Please give a warm welcome to Charlotte!
Hello Katie, Thank you for the opportunity to visit your informative blog.
I thought I’d talk about something I learned right before I wrote my recent novella, Forever in a Moment...
Yes, transcendental meditation.
I wrote this novella fast. As all authors know, having the spark of a good idea for a story is just the very beginning of seeing that project come to fruition. Oftentimes the writing of a book, even a short one, is stalled at some stage, often the middle, or in the editing rounds.
This was not the case for me in the writing of this novella. It flowed in less than a month. After thinking about why I had the focus to hear my characters tell their stories so clearly, I realized, I’d begun the practice of TM around the same time.
I am as skeptical as the next person, probably more so given that I’m a New Yorker, but I will try to explain how TM helps me as a human and as a writer. We all need a method for dealing with the stresses of life in general and in particular, work life, family life and for me, life in NYC. Exercise is great for that and I love to walk. Still after talking about TM for months, I took the opportunity to learn TM from Bob Roth, a pre-eminent teacher/practitioner. Bob Roth’s book Strength in Stillness is a quick read that explains his entry into TM and the basics of the practice.
Here’s what I learned. TM is not a religion. It’s not meant to replace the spirituality of one’s religion. I am a lapsed Catholic and I still pray. A lot. I learned TM is practiced by people in all walks of life and has some famous adherents. Here is Jerry Seinfeld on George Stephanopoulos with Bob Roth explaining TM in his inimitable way.
Ideally, one finds a quiet space to practice TM for two, 20-minute sessions but often all I have time for is one 20-minute session before I get started in the morning. Even this is difficult for so many. Perhaps, like Jerry Seinfeld midday is a better time. I’ve done TM in a garden (the best) and in the airport. And yes, there is a mantra.
TM helps one find the strong self under the noise. One great analogy is that with TM one can dive under the churning surface of the ocean of daily life into the cool, flowing, soothing calm beneath the waves. The benefits are both mental and physical because reducing stress helps strengthen the immune system.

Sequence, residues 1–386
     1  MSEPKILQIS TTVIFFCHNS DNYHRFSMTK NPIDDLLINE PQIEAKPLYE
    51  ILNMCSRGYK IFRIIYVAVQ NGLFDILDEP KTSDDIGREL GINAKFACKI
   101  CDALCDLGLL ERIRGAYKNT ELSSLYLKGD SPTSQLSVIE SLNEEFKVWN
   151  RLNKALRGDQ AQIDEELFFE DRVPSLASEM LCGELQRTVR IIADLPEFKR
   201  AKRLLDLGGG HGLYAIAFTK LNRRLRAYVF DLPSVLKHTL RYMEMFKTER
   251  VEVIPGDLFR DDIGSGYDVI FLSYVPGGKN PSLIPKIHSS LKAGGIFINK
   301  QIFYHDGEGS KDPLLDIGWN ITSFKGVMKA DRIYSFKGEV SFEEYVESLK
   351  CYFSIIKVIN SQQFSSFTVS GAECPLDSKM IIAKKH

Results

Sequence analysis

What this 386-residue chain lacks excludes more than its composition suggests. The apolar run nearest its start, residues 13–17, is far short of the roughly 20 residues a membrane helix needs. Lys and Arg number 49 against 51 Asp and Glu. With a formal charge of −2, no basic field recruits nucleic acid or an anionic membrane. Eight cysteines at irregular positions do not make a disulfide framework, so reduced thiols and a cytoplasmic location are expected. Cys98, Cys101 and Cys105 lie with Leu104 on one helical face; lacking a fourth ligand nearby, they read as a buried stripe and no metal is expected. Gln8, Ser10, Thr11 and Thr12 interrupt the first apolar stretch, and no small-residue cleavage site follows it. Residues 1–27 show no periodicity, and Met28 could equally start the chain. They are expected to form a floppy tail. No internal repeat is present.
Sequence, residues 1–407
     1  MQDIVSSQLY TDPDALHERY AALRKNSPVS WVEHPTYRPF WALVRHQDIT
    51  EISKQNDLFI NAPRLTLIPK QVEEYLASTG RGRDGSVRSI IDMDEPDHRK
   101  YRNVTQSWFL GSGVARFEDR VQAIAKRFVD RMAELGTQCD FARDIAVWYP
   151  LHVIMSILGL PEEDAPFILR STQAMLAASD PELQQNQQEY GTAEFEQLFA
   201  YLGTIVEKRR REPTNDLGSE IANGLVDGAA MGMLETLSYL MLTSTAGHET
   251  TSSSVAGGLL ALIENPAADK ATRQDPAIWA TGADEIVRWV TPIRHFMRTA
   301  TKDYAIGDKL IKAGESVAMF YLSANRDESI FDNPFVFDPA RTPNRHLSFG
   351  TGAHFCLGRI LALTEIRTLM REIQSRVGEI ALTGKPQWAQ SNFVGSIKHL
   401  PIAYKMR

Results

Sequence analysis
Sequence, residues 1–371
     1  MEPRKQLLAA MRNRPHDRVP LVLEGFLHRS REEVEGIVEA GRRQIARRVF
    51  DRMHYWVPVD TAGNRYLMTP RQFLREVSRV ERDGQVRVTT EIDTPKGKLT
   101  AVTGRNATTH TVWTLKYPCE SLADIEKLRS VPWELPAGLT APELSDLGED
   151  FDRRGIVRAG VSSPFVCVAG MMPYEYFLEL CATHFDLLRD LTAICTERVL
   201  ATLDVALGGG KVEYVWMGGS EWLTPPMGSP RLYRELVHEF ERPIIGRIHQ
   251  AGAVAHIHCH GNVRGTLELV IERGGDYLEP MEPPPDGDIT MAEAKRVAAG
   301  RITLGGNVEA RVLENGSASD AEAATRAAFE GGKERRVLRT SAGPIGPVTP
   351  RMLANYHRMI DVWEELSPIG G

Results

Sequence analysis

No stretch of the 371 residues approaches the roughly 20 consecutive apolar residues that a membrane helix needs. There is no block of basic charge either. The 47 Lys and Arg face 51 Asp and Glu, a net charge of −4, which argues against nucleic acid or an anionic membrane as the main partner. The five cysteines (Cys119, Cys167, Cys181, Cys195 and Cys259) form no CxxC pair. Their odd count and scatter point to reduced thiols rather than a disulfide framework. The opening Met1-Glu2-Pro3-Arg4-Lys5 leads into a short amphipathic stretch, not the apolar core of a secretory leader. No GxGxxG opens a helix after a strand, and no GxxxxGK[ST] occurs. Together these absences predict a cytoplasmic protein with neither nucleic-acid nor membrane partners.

Now of course for any endeavor including writing, nothing replaces showing up and getting the job done. But with TM, I show up as a more focused me and get the job done quicker and better.
I’m curious what other authors do to spark creativity and gain focus?
Thank for joining me, Charlotte! And for sharing one of your secrets. You can find Charlotte's latest book on AMAZON (highly recommend) and find Charlotte online in the following spots:
Leave a comment below on how you spark your creativity, and come back Friday for an uber-short excerpt - a teaser, if you will - from Forever in a Moment, by Charlotte O'Shay. (better yet, go grab your copy on Amazon and read it this weekend!)
Happy Writing - and Reading - to all!
I always enjoy your blog Katie. Thanks for having me today.ReplyDelete
Charlotte, this is so cool. I've always been a big fan of finding the quiet in the chaos, but I never realized meditating could help with writing. I'm gonna give it a go! Well done. And p.s. I loveloveloved FOREVER IN A MOMENT!ReplyDelete
Yes an unintended effect for me because I was simply seeking something to help with stress. Thanks for your kind words about Forever in a Moment!Delete
Charlotte, I’m a TM practitioner too although I’ve slacked off in recent years. You’ve inspired me to start again!ReplyDelete
Hi Laura, Yes it is difficult to keep it going but well worth it I think.Delete
I don't do TM, but I do meditate every morning before I start my day. I find doing it super early helps me and keeps my stress levels down. I can't write that early though, my brain isn't working yet. :) But I might have to try it before I sit and write later in the day. Interesting idea!ReplyDelete
Jerry Seinfeld said he meditated for years during the lunch breaks on his show..midday works too.Delete
Good morning Charlotte and Katie! I found your info on TM interesting. For me a long walk with my dog around the neighborhood usually gets the creative juices flowing. Seeing the changes in the area as the seasons change, as people move in and out is inspiring. Good luck with Forever in a Moment! A book I enjoyed!ReplyDelete
I agree Tena. A long walk works wonders for me (Sadly my old puppy cannot do more than once around the block on a good day.) Just being out in the air is great although air quality is questionable in NYC, I like to go along the Hudson River walk.ReplyDelete
Great post, Charlotte. I do meditate every day in the morning. If I don't, I find my day out of sorts. It sets the path for the rest of my day--focused and on with a positive attitude. Your book sounds wonderful. Wishing you all the best!ReplyDelete
Thank you for stopping by Mary. I guess you are the proof of my theory.Delete
I enjoyed this post. I've been meaning to try meditation. Your post has made me even more determined. Thank you for sharing.ReplyDelete
Check out the book I mentioned above Christine. It percolated in the back of my head for way too long before I started but I'm so glad I finally took it up.Delete
Liked your post Charlotte. I haven't tried TM, but I'm sure it works. Glad you clarified it wasn't a religion. Best of luck with your new book. I've been following the Deerbourne Inn stories.ReplyDelete
Very interesting post!ReplyDelete
Thank you for your interest. It was my husband who really pushed me to try it.Delete
Thanks for stopping by Colleen.ReplyDelete